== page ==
The 2022 Deadline was NOT the 2021 Deadline


There is a relatively small, but relatively loud contingent of the St. Louis Cardinals fanbase who was (prior to the double sweep of the Cubs and Yankees) deriding the Cardinals for their 2022 Trade Deadline decisions. Of course, part of this is because Mozeliak and company did not land Juan Soto, part of it was because they haven't really done anything major since acquiring Matt Holliday back at the 2009 deadline, but part of it also was that those fans viewed what they did this year (getting two left-handed pitchers to fill holes in the rotation) was the same was what they did last year (getting two left-handed pitchers to fill holes in the rotation).


While on the surface, it is very much true that they got two left-handers to fill out their rotation that was in shambles because of a terrible offseason, the pickups of JA Happ and Jon Lester in 2021 is not the same deadline as the pickups of Jose Quintana and Jordan Montgomery this year. In fact, they're not even on par with signing Steven Matz to basically attempt to fill Happ and Lester's (and Leblanc's) 2021 production for the next 4 years - so far unsuccessfully. Let's outline why.

 

When JA Happ and Jon Lester were acquired at the 2021 trade deadline, the two had combined to start 35 games. They had also combined to compile a 6.01 ERA, 2.13 K:BB, an 8.6 K%-BB%, a 1.59 WHIP, and a line against of .303/.357/.529/.896! Their expected stats did not look much better with a FIP of 5.42 and xFIP of 5.22. That means, sure they might be a half run or three-quarters of a run better than a 6 ERA type pitcher...but that's still a 5+ ERA type pitcher. The two they acquired last year were terrible pitchers prior to being added. Not only that, but they were 37 (Lester) and 38 (Happ) years old and were about to come to their last team they ever pitch for.


When Jose Quintana and Jordan Montgomery were picked up this year, not only were they younger (Quintana 33 and Montgomery 29), but they were much better pitchers. The two had combined to start 41 games for their respective teams prior to being dealt to the Cardinals. They had combined to compile a 3.60 ERA, a 3.44 K:BB, a 14.7% K%-BB%, a 1.18 WHIP, and a line against of .243/.296/.378/.674. Their expected stats showed that the 3.60 ERA was something that was likely about right with a combined FIP of 3.58 and combined xFIP of 3.69 (and an xFIP that the ERA likely won't regress too much towards since Busch III typically plays as a park at which it is difficult to hit home runs).


While this has nothing to do with the move at the time, the two starters picked up in 2021 thankfully combined to play much better baseball than they had prior to the deadline. Happ and Lester combined for 23 starts with an ERA of 4.20, a WHIP of 1.36, a K%-BB% of 8.2% and K:BB of 2.00. This was helped by their defense a bit as their combined FIP was 5.05 and combined xFIP was 4.92. They got about 1.8 earned runs better per 9 than they were throwing previously - largely due to hits being stymied by their new stellar defense.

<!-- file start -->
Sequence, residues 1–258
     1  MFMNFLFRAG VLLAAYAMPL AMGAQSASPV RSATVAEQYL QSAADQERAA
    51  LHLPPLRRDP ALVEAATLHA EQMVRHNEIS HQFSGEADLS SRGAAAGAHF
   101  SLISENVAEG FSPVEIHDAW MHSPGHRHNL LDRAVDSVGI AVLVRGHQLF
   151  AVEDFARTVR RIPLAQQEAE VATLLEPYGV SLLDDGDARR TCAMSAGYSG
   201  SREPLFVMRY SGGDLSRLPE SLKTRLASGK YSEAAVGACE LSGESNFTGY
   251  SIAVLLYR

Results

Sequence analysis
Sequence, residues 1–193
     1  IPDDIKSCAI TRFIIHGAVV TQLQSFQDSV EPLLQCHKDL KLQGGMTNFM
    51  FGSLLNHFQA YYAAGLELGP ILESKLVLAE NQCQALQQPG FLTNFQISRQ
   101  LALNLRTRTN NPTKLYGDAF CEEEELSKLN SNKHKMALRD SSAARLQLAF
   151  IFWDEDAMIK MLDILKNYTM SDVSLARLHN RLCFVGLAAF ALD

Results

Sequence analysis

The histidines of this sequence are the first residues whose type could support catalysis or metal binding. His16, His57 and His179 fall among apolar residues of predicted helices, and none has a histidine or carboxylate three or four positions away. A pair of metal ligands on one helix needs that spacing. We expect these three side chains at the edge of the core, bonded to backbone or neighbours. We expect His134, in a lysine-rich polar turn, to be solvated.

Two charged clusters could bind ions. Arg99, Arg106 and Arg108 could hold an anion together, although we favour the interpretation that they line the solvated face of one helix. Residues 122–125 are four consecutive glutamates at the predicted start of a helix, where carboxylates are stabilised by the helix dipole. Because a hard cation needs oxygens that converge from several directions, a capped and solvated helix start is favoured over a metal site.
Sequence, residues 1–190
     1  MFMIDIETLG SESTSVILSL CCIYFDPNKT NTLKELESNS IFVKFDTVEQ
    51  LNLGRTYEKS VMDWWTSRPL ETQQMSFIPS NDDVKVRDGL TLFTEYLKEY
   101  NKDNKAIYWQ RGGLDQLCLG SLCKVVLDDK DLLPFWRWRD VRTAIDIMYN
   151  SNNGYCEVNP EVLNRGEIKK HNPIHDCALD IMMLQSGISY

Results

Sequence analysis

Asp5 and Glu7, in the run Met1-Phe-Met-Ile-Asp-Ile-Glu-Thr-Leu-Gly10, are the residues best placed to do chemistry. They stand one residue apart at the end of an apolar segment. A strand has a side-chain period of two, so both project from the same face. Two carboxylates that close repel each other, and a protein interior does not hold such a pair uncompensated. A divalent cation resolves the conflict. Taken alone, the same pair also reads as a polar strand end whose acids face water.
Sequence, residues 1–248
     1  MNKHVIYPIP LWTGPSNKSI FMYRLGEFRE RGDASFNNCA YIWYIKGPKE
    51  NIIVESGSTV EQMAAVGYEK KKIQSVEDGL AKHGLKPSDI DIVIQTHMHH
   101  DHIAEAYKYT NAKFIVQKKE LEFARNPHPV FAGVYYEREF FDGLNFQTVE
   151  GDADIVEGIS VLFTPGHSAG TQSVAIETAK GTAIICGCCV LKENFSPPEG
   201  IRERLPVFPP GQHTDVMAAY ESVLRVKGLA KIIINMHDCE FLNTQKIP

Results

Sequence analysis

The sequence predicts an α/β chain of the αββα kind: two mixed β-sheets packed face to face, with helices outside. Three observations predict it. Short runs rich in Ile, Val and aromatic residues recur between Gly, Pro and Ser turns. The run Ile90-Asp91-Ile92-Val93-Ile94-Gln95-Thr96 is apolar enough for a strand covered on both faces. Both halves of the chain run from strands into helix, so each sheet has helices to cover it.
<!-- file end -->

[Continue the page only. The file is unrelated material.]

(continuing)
The first time through the rotation after the trade deadline in 2022, Jose Quintana and Jordan Montgomery have proven to be excellent pickups. Of course, they will need to continue to do so for 20-some starts combined. However, a quick peek shows that they threw 11 innings of 3 hit, 1 run, 8 K, 3 BB, ball. That's a 0.82 ERA, 0.55 WHIP, and 2.7 K:BB. However, if they get the same bump that last year's crew got, we're talking a 2.52 ERA and a 1.01 WHIP. That would simply be astounding.

 

Another aspect of this is that the Cardinals acknowledged in 2021 that they were simply seeking to cover innings to get them through the end of the season. It wasn't a "we're going all in" move at the deadline at all, but it much more screamed "we're done without selling" than "we're buying."


This year was a definite "we're buying" without going "all in." The Cardinals were looking for innings at this year's deadline as well, but they were going for guys who were definitely higher end arms than what they currently had as options in the rotation with the current injuries.


Jose Quintana has been really good for a bad team this year - in fact, he had numbers similar to or better than Frankie Montas' and isn't coming off of an IL stint due to a shoulder injury - and they didn't have to give up the prospects that a Montas return would have assumed (granted, the Yankees now have Frankie Montas for next year as well).


Jordan Montgomery has been pitching well since the beginning of the 2021 season, with 52 games started (including his one with St. Louis) going 277 innings, with a 3.70 ERA, 3.77 FIP, 3.47 K:BB, and 1.19 WHIP. That's actually better than he was prior to his 2018 injury even - in 2017-18 he combined to throw 35 games of 3.84 ERA, 4.09 FIP, 2.65 K:BB, 1.25 WHIP ball. He then spent 2019 mostly recovering and only threw 44 innings in the shortened 2020 season.


Lastly, this year the Cardinals - in acquiring Jordan Montgomery - went after a guy who has another year left on his contract for next year. The Cardinals not only filled a current hole, but went after someone who could fill a hole for next year, getting a jump start on the offseason (which I think is quite possibly already better than the 2021-22 offseason with this addition).

 

*shout out to Nick Childress on the cover art.